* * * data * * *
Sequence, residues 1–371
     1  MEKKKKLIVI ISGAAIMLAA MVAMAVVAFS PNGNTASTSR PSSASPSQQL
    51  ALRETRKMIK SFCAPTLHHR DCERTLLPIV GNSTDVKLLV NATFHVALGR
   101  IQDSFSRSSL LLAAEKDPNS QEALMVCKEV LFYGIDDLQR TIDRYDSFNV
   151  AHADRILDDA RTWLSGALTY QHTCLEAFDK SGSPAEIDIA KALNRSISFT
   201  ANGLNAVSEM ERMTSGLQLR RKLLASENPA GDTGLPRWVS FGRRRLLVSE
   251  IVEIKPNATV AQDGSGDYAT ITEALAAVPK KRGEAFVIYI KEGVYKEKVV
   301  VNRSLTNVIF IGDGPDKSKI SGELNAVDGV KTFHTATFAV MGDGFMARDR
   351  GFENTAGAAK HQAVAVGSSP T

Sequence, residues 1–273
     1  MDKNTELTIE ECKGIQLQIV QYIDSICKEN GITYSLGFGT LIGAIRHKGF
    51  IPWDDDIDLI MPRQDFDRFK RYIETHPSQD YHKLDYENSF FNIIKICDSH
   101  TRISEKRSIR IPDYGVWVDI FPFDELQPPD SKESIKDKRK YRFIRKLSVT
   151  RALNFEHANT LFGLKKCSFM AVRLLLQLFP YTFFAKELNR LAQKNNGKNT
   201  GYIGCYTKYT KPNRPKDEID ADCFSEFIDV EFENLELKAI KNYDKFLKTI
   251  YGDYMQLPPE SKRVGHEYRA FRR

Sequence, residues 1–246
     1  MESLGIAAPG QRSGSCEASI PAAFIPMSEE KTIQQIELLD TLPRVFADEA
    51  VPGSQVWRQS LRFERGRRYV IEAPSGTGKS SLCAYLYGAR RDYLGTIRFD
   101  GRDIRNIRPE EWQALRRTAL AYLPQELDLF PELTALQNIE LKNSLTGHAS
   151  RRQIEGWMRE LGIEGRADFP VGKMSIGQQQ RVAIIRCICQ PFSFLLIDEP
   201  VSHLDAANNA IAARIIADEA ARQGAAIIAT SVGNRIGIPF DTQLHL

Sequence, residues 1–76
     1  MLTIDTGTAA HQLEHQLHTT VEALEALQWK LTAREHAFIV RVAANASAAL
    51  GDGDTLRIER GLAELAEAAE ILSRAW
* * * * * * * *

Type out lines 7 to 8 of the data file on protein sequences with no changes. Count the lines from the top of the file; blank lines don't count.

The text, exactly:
   251  IVEIKPNATV AQDGSGDYAT ITEALAAVPK KRGEAFVIYI KEGVYKEKVV
   301  VNRSLTNVIF IGDGPDKSKI SGELNAVDGV KTFHTATFAV MGDGFMARDR